– I am not criticizing that decision. At present, we are losing a great opportunity in not undertaking, in respect of all youths who register for national service training, the minimum basic requirements for enlisted personnel normally undertaken immediately after enlistment. I refer to matters such as blood grouping, vaccination and inoculation, and the instilling of the rudiments of discipline, of the capability to move in parties from place to place, of respect for seniors, and of the ability to carry out an order; in other words, all those things that are normally covered by the term, “ basic recruit training “ in the service manuals. It should be fairly practicable to cover most of these things within a month if we sacrifice excessive squad drill, rifle drill and musketry practice, and substitute in their place, perhaps, a degree of first-aid training and instruction in the rudiments of rescue work for civil defence. In this period of one month’s training, the various civil employment categories of the trainees could be recorded, preferences for training in particular branches of the services could be ascertained, capabilities, physique and occupational aptitudes could oe assessed, and trainees could be allotted to particular branches of the forces.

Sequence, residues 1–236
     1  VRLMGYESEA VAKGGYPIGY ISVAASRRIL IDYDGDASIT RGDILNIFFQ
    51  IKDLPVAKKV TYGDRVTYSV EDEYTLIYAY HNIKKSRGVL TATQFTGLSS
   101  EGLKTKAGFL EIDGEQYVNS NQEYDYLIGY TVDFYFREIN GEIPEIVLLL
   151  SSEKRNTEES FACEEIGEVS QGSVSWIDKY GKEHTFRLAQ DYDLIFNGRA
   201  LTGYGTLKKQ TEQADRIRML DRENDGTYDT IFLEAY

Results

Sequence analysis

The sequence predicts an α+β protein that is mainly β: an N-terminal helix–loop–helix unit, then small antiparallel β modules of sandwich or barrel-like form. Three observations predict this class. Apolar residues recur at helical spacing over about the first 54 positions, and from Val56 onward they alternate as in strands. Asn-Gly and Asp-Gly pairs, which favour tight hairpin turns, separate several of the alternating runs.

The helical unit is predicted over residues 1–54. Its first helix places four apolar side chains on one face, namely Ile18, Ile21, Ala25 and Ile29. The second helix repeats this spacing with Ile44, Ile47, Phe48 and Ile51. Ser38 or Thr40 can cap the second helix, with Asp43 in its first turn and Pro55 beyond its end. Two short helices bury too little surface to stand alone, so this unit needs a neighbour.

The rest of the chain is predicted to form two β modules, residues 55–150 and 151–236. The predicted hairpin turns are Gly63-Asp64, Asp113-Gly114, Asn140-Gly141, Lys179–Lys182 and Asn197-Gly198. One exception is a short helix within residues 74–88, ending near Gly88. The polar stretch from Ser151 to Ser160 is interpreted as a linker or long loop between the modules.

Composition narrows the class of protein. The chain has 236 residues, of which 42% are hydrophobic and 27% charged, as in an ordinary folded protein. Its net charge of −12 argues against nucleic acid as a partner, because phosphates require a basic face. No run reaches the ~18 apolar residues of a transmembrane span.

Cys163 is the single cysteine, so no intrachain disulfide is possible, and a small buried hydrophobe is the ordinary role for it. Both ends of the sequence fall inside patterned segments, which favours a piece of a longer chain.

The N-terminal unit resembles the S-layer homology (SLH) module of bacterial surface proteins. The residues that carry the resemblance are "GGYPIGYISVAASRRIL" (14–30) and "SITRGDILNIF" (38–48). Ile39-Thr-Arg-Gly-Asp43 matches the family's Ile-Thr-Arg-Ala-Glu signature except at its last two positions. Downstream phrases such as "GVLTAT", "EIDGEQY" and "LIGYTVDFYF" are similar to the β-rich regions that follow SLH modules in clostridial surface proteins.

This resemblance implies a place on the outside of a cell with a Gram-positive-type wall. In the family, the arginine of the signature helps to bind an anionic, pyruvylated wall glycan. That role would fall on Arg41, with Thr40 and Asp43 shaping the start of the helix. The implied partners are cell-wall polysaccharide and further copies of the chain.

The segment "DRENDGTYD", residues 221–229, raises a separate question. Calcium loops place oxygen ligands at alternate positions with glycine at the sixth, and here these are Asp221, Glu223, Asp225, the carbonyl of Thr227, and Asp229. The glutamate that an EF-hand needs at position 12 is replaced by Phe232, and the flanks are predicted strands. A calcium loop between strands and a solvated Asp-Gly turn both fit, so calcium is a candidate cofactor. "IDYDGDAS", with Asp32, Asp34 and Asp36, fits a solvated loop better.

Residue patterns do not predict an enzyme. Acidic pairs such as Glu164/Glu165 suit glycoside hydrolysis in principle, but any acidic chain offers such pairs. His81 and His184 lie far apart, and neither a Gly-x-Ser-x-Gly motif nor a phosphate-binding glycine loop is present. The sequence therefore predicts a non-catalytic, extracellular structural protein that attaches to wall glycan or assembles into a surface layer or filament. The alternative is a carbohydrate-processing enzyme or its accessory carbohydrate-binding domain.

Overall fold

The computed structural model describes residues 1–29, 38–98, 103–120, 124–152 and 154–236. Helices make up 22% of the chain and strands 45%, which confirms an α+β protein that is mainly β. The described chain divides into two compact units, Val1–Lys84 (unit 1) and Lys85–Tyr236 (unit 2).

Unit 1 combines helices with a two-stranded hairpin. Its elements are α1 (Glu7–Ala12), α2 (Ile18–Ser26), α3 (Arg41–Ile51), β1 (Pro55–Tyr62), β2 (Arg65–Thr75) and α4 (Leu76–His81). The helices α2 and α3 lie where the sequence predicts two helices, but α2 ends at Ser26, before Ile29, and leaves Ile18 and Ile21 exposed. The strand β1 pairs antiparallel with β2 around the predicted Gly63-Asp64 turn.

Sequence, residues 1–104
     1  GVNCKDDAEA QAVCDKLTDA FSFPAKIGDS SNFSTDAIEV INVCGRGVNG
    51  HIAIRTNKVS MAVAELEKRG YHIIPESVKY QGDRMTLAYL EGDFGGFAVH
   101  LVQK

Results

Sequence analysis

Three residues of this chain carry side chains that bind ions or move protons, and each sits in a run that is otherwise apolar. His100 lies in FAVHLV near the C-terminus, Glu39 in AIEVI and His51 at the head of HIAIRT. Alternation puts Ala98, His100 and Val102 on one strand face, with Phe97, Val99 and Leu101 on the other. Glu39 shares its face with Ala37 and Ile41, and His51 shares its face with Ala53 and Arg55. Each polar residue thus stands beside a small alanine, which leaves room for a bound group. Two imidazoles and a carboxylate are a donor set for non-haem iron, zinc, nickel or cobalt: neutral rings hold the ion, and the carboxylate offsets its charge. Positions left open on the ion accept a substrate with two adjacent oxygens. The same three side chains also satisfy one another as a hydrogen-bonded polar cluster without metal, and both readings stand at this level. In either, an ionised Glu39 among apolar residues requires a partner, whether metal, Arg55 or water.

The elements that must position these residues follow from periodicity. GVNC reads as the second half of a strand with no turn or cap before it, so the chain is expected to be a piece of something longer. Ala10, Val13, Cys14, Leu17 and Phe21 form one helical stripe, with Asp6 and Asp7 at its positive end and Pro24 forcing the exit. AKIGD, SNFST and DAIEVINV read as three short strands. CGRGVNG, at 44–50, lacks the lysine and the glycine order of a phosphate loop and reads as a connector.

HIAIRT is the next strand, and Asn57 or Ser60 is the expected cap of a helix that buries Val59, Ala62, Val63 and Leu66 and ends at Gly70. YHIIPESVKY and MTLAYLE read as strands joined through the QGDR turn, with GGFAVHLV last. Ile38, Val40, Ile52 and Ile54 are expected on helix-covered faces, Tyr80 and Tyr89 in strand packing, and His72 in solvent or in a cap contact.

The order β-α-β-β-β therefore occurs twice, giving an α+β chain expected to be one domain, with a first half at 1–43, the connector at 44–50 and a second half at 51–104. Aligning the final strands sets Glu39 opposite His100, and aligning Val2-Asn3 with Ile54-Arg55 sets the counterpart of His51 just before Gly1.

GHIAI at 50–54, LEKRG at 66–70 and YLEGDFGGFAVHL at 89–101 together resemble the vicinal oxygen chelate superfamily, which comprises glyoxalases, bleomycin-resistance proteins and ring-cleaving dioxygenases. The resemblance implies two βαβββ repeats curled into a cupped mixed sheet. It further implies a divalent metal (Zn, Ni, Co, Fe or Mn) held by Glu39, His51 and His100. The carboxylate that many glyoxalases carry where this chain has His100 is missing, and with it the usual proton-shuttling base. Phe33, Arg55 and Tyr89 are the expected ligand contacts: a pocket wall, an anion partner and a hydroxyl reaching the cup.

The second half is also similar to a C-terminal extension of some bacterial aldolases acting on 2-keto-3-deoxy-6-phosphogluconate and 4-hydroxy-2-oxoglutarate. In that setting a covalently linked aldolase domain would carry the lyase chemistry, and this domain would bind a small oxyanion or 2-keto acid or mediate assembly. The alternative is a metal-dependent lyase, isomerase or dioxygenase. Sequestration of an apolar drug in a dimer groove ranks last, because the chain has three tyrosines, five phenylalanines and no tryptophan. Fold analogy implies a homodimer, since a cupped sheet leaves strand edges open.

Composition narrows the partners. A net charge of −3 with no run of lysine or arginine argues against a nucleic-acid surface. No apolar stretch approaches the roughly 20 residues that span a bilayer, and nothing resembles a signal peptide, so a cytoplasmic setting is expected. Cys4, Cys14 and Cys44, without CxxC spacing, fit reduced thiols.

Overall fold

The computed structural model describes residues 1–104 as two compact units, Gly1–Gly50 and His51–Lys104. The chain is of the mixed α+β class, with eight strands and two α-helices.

Before the camp concluded, those trainees who had been selected to continue their training could be so advised. All other personnel marching out could be placed on the reserve of whatever branch of the service for which they were most qualified by their civil occupations, so that in the event of mobilization they could be enlisted accordingly. This would remove the futility of so many round pegs in square holes, which occurs in connexion with mass enlistments during mobilization in war-time, when we find perhaps a science student placed in the ordnance corps, and so on. The local government authorities in the areas in which these semi-trained personnel who marched out of camp after one month’s training resided could be advised immediately after they marched out and could keep a record of the men, so that they could be called on if necessary in any state of national emergency such as that produced by a national disaster caused by floods or bush fires, or in the event of war.
This brings me to a discussion of the item in the Estimates covering civil defence. I was pleased to see that the amount for civil defence provided in the Estimates has been increased to £300,000. I hope that this portends an increase of civil defence activities. Indeed, the Minister gave some indication in his speech to-night that such would be the case. During the last war we had available to us the services of many exsoldiers who joined the Volunteer Defence Corps. There should be no reason why, at the present time, we should not have a volunteer civil defence corps. There are many retired officers and returned soldiers associated with the Returned Servicemen’s League who would be only too willing to give up a little of their time in what would be a continuation of the service to their country that they have already given in war-time. At present, Mr. Chairman, all this excellent material is being completely wasted.